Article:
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Dr John Kearsley, who bequeathed, for this purpose, an estate consisting chiefly of lands, which he vested in the rector, church-wardens, and vestrymen of Christ Church and St Peter's.

Philadelphia Dispensary.—The object of this institution is to afford medical relief to the indigent sick, who are unable to pay a physician for medicine and attendance. It was instituted in April 1786, and is supported by annual contributions of a guinea, or life subscriptions of ten guineas, and is conducted by twelve managers, annually chosen by the contributors. The patients, who are recommended by the contributors, when able to go out of doors, receive medical assistance at the dispensary; those who cannot leave their houses are visited at home. *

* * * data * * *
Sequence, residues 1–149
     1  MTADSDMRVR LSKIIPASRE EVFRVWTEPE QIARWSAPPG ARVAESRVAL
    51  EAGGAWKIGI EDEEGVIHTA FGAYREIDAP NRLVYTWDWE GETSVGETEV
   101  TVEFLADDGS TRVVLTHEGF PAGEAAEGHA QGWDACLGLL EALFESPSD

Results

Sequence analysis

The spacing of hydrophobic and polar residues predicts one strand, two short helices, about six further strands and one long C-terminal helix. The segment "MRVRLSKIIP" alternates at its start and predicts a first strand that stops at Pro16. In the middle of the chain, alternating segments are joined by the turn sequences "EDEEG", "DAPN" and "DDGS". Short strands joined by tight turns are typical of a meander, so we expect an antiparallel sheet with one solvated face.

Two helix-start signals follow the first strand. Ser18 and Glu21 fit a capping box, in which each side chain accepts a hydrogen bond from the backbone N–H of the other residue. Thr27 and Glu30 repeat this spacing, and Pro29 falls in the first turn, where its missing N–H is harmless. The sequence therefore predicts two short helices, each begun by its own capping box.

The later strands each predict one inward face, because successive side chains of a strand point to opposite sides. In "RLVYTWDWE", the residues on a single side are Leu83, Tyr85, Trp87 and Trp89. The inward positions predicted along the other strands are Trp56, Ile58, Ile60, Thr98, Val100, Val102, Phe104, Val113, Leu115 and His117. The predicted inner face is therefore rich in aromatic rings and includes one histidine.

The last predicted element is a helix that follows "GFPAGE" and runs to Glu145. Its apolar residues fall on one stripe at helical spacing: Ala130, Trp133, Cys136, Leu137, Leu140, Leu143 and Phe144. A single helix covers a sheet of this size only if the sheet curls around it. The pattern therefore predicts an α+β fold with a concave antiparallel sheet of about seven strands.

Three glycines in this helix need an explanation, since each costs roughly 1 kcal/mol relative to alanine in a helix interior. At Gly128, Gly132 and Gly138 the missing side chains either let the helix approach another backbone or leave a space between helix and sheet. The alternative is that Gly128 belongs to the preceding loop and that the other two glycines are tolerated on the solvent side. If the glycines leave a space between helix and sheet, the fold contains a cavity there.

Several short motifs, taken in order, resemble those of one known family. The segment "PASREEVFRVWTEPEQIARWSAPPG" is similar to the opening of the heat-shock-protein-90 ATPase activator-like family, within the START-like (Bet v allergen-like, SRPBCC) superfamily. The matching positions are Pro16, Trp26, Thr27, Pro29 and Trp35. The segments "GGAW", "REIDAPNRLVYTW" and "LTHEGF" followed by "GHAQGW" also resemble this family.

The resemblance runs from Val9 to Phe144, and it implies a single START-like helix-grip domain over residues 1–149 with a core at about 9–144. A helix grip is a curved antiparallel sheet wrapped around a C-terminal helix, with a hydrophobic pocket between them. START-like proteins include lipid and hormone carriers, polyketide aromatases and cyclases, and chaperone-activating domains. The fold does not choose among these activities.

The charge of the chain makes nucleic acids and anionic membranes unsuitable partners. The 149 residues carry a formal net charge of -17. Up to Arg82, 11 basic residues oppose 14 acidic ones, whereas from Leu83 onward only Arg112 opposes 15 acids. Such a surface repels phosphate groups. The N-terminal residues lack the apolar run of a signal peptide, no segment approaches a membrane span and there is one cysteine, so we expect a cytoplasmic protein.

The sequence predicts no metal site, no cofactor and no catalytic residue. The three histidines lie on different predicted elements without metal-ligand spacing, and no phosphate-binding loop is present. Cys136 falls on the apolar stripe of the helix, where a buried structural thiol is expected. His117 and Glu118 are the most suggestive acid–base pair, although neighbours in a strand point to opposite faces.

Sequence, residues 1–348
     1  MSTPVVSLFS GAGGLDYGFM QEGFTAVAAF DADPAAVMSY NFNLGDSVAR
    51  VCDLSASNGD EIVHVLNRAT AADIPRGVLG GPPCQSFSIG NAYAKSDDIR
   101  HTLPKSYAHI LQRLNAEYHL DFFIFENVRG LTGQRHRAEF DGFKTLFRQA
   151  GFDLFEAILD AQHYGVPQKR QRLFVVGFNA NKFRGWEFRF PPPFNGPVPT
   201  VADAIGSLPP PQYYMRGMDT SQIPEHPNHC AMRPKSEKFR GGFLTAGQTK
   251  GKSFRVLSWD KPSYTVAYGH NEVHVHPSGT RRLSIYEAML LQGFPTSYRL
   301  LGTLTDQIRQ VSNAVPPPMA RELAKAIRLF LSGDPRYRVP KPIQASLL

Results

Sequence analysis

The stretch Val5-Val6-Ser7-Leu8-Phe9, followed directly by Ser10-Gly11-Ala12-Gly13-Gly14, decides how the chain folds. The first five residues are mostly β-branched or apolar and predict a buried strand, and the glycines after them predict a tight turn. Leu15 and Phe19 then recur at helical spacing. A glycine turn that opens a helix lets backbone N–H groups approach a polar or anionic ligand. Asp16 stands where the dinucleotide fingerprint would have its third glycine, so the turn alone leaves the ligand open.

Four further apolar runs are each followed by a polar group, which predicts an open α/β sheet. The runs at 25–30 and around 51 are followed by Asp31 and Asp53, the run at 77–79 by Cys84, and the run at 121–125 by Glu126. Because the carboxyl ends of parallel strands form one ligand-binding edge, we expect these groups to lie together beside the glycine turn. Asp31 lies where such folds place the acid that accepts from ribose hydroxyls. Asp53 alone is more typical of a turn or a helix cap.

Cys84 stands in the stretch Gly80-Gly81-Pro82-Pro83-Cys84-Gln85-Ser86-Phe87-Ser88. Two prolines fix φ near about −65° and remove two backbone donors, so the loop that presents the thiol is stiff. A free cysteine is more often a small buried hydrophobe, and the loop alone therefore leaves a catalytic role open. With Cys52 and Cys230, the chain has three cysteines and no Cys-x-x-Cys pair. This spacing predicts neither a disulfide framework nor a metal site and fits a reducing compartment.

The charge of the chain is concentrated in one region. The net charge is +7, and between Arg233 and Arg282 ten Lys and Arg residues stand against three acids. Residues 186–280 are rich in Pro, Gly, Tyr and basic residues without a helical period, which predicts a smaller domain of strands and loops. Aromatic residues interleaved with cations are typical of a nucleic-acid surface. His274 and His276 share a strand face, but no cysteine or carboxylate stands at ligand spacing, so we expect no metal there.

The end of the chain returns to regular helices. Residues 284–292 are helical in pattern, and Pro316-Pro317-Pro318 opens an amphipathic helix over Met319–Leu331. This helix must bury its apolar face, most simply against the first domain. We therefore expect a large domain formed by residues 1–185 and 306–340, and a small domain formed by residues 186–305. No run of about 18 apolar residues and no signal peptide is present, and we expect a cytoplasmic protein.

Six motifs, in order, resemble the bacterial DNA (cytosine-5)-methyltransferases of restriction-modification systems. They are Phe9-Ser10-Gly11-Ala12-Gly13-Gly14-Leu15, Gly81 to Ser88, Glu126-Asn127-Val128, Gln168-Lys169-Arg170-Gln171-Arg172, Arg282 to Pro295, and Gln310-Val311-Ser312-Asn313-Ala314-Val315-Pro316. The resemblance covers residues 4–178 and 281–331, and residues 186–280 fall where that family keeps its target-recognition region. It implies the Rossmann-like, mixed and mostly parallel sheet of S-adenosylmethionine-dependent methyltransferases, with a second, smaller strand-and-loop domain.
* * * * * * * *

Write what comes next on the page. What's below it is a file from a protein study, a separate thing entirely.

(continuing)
Manners and Habits.—The origin of the population of this state is yet too recent to allow of any thing like uniformity of manners and habits. The inhabitants are chiefly of English, Irish, or German extraction. The two first compose about one-half of the present number; the last, perhaps, more than a third. The rest are the descendants of Scotch, Dutch, Swiss, Finlanders, and Danes. The first emigrants who followed Penn have been estimated at about 2000, most of whom were non-conformists from London, Liverpool, and Bristol; and their descendants generally occupy the eastern countries. The Irish and their offspring are found almost every where throughout the state, but particularly in the Cumberland val

* Hardies Philadelphia Register for 1793, p. 188. VOL. II. G